It is a common trend today that applications are leaking data to the network. This is an open-source and linux-oriented list of such applications. The behavior was discovered using NSA Litoměřice's ipwatch solution, tcpdump, netstat, Burp proxy and other software.
The bugreports should be submitted and linked.
It's interesting that I usually can't find anyone on the web who cares.
Direct further questions regarding privacy and security to your operating system vendor. </note>
udp 0 0 0.0.0.0:5353 0.0.0.0:* 12358/chromium --password-store=detect
All WebKit browsers: ignore user-agent settings, send real information to Google domains
Uses 184.108.40.206 DNS server if no other is available: https://bugs.debian.org/cgi-bin/bugreport.cgi?bug=761658
As of 12/2015 (update: 07/2018: the bug is still there), the default configuration of Stardict in Debian Sid uses dict.cn as the default dictionary. Additionally, as clipboard scanning is enabled by default, this means that as you start Stardict, your clipboard contents gets sent in the following HTTP (unencrypted) request:
GET HTTP://dict.cn/ws.php?utf8=true&q=clipboard_content HTTP/1.1\r\n
It has been confirmed that if you use KeePassX, which by default uses “copy password to clipboard”, this password is immediately sent by Stardict in plaintext to this .cn server.
Related, but not the same:
(at least) in Debian, an automatically spawned service (dirmngr) seems to periodically checks key updates on keyserver over plain HTTP, exposing list of your friends to the network.
Aug 17 07:55:13 localhost dirmngr: error accessing 'http://pgp.mit.edu:11371/pks/lookup?op=get&options=mr&search=0x191B300C733BBEA2': http status 404
systemctl --user disable dirmngr.service systemctl --user mask dirmngr.service
to disable this.
By default Linux replies to ARP queries on all interfaces. This seems to be in accordance with RFC 826 from 1982, part “Am I the target protocol address?”. It has two consequences:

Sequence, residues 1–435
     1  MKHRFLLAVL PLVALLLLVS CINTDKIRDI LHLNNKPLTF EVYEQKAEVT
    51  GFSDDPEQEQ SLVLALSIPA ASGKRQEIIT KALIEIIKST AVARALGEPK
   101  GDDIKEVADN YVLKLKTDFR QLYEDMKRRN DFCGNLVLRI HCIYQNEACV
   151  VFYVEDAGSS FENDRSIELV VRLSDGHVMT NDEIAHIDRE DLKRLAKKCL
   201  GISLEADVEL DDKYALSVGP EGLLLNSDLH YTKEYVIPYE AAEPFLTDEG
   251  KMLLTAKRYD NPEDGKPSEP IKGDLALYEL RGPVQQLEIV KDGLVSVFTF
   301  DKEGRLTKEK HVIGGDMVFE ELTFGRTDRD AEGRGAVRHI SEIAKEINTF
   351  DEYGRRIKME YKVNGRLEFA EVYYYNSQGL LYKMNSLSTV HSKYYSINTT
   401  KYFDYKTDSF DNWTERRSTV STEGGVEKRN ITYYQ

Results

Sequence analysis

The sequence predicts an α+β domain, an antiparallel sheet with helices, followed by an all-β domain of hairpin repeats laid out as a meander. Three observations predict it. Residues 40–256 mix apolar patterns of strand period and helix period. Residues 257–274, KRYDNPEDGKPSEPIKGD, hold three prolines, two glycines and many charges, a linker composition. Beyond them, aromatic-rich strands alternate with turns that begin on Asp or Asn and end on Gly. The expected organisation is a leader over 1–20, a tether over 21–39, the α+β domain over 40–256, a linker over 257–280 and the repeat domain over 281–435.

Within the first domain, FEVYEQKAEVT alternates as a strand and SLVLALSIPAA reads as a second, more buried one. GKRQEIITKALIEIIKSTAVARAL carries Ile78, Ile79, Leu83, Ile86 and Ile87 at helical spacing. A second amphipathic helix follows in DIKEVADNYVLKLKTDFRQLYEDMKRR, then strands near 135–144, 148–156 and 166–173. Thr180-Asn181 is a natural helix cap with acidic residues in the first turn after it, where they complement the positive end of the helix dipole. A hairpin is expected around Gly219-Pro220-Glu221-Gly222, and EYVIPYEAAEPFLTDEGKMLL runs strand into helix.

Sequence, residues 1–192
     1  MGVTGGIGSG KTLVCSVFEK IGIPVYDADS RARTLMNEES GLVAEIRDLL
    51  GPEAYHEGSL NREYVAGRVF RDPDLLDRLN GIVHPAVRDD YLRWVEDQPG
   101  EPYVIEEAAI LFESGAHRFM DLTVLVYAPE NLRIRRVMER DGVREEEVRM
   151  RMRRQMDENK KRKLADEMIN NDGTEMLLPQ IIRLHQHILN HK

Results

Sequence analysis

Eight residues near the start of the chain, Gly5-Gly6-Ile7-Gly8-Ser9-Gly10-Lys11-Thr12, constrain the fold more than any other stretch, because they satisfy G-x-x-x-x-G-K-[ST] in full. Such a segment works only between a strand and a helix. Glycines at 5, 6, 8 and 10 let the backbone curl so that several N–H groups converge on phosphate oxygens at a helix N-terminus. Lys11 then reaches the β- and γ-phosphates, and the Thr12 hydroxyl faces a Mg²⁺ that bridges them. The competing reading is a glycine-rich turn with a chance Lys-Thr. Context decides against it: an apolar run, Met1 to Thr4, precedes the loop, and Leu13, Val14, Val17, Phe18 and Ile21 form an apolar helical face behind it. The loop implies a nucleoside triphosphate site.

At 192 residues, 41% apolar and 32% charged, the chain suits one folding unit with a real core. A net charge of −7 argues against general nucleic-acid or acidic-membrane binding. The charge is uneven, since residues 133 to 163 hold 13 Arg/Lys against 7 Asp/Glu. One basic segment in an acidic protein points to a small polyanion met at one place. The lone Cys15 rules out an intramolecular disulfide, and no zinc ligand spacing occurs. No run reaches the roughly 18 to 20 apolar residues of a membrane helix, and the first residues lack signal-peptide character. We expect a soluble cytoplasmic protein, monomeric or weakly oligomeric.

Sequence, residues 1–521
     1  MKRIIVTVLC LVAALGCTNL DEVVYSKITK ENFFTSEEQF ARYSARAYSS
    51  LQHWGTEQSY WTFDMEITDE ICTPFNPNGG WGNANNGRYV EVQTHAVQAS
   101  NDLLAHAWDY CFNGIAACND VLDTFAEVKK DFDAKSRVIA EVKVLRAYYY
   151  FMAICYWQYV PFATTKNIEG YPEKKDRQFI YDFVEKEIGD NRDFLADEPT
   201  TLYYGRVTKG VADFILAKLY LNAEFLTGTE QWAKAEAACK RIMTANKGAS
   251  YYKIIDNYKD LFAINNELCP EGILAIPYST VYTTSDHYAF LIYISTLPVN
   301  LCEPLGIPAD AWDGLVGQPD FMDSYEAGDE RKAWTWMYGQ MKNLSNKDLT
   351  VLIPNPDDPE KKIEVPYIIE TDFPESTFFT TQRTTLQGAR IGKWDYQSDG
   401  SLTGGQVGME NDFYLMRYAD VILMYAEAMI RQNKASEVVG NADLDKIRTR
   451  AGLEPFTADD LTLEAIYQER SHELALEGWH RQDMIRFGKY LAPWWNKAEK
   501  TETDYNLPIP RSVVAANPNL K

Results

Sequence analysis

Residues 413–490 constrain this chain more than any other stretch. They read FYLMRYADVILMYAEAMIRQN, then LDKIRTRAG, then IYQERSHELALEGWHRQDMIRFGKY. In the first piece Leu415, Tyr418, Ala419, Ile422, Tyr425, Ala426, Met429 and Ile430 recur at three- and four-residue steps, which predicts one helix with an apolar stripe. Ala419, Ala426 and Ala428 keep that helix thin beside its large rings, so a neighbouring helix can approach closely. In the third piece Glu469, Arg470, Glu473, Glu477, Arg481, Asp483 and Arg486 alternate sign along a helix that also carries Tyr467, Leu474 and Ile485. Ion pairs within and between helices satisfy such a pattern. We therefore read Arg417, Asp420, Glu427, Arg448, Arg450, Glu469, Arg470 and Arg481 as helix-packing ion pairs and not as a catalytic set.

Example decloak: arping -i br0 10.1.10.1
Defense: echo 1 > /proc/sys/net/ipv4/conf/all/arp_ignore
Gets a file when you connect to the network to check if there is a captive portal.
1842 root 788 S htpdate -D www.google.com www.yahoo.com www.linux.org www.freebsd.org
Btw. there used to be a root shell on ttyS0.
Sends out configuration during installation (stores timezone and mirror settings for sysadmins with lazy fingers). more details
It also seems to leak when looking for embedded content or links.
Calls home upon connection. This probably leaks unique information in the “login” thing. We have not conducted MitM (yet).
It calls to Canonical, Google and YouTube. It downloads advertisements to “music” and “video” “pages”. There does not seem to be a straightforward option to turn them off.
A stock CM 12.1 was installed. During installation, all possible spy settings were turned off. Upon each boot, the device connects to android.pool.ntp.org despite having time synchronization disabled in settings.
Additionally, the following HTTP request was observed:
GET /generate_204 HTTP/1.1 User-Agent: Dalvik/2.1.0 (Linux; U; Android 5.1.1; Nexus 4 Build/LMY48B) Host: connectivitycheck.android.com Connection: Keep-Alive Accept-Encoding: gzip
This request has been disabled by “settings put global captive_portal_detection_enabled 0”. The NTP thing does not seem to be possible to disable. Strangely, we find no users solving this in public forums.
Please note that the sniffing was carried only on wifi. We don't have equipment to sniff mobile data at the moment.
Sends broadcasts when changing monitors. Seems to be scanning for network printers.
Checks for updates
Checks for updates
Checks for updates
Sends broadcasts upon startup, so others can sniff while you sniff.
Listens to the world for file transfer, even when it's turned off. And even when status is offline.
Eternal spy connects to Google Market (tcp/5228) even though updates have been disabled and Market was never started. (Android 4.1, Samsung Galaxy Ch@t Backdoor Edition)
Traffic collected during 30 minutes of idle phone laying on the desk includes:
…despite all services are disabled in system settings and the phone has never been connected to any Google service.
Brief sniffing on one popular network reveals similar patterns and requests are exposed by many other mobile phones too. Sometimes such requests apart from tracking allow for full remote compromise.
I have hotfixed the problem using the following netfilter rules to allow only my favorite sites. Of course malware with sufficient privileges can add an exception to the firewall itself.
iptables -N CHECKALLOWED for ip in 220.127.116.11/24 18.104.22.168/24 22.214.171.124/24 126.96.36.199/24 188.8.131.52/24 184.108.40.206/24 192.168.0.0/16; do iptables -I CHECKALLOWED -d $ip -j ACCEPT done iptables -I OUTPUT -j CHECKALLOWED iptables -I OUTPUT -m conntrack --ctstate RELATED,ESTABLISHED -j ACCEPT iptables -A CHECKALLOWED -j REJECT
However, spying features in Windows are much more advanced, for example: